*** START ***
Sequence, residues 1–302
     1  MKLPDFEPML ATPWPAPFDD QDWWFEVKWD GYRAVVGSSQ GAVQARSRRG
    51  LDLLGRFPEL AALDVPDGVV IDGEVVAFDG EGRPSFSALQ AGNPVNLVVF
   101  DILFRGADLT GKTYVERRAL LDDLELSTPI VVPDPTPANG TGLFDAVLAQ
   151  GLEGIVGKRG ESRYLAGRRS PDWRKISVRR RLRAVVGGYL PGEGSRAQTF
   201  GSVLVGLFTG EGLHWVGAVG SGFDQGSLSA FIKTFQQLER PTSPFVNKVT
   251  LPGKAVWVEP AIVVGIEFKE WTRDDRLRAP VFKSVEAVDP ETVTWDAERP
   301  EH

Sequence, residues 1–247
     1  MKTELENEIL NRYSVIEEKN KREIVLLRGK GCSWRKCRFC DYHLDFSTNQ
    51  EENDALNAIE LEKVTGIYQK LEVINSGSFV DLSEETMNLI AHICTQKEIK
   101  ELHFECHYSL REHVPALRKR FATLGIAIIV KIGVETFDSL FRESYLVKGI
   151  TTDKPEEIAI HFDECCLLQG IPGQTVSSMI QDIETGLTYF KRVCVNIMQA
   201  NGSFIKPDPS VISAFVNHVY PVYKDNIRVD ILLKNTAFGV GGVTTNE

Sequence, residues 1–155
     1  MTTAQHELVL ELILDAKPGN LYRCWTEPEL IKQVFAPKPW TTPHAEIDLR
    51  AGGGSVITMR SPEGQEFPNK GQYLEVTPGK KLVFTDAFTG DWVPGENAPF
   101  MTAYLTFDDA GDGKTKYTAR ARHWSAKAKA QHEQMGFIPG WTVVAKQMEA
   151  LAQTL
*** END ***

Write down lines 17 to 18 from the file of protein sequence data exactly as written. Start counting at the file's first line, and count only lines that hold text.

    51  AGGGSVITMR SPEGQEFPNK GQYLEVTPGK KLVFTDAFTG DWVPGENAPF
   101  MTAYLTFDDA GDGKTKYTAR ARHWSAKAKA QHEQMGFIPG WTVVAKQMEA